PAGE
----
Gold A; Larson M; Tucker J; Strang M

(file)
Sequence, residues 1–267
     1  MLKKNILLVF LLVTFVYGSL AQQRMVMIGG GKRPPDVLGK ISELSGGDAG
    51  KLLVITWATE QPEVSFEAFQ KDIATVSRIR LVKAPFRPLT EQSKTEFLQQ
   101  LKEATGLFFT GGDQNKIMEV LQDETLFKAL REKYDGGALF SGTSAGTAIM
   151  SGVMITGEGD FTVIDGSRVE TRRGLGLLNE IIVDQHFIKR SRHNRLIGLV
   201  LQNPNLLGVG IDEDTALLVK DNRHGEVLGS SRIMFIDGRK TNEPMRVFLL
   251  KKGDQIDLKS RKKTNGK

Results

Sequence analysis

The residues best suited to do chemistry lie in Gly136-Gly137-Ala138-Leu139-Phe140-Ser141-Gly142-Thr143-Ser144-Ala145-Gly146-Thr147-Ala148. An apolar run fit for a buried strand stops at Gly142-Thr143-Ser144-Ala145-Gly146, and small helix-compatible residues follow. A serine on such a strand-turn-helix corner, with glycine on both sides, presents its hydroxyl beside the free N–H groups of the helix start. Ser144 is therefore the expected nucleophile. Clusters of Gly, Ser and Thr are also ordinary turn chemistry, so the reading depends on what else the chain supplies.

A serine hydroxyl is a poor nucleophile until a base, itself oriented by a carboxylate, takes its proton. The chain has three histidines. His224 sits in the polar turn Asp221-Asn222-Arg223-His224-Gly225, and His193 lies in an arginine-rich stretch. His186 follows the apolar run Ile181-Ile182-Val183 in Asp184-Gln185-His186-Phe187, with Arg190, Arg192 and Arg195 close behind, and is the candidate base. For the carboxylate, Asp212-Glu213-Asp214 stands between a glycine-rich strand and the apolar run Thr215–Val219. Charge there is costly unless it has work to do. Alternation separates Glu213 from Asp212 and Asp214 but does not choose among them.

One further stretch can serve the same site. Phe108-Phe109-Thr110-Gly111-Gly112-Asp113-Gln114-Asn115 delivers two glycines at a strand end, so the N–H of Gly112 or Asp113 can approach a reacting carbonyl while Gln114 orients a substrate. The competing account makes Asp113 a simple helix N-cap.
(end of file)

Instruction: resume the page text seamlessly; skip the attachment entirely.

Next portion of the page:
BACKGROUND: We tested the effectiveness of the Go Wild With Fruits and Veggies! (GWWFV) Extension curriculum on increasing fruit and vegetable (FV) intake of third graders. METHODS: An intervention study was used testing self-reported FV intake pre/post GWWFV. Recruited schools were randomized to control (12 schools, N = 369, third grade children) or intervention (14 schools, N = 378, third grade children). Measures included items from a validated FV food frequency survey. Access to the federal Fresh Fruit and Vegetable Snack Program (FFVSP), and taste testing within GWWFV were also measured. Between-group differences in FV intake were evaluated using 1-way ANOVA for unadjusted models and 1-way ANCOVA for baseline adjusted models. The Tukey-Kramer test was employed for post hoc comparisons. RESULTS: Students with access to the FFVSP consumed more fruits (p < .01) and vegetables (p < .0001). Students who participated in the FFVSP and GWWFV with taste testing consumed more fruits and vegetables (p < .05) compared with students who participated in the FFVSP and GWWFV without taste testing, along with the control group. CONCLUSIONS: The FFVSP and GWWFV with taste testing demonstrated a positive influence on FV intake in third grade children. Leveraging environmental approaches with interactive learning experiences create desired outcomes.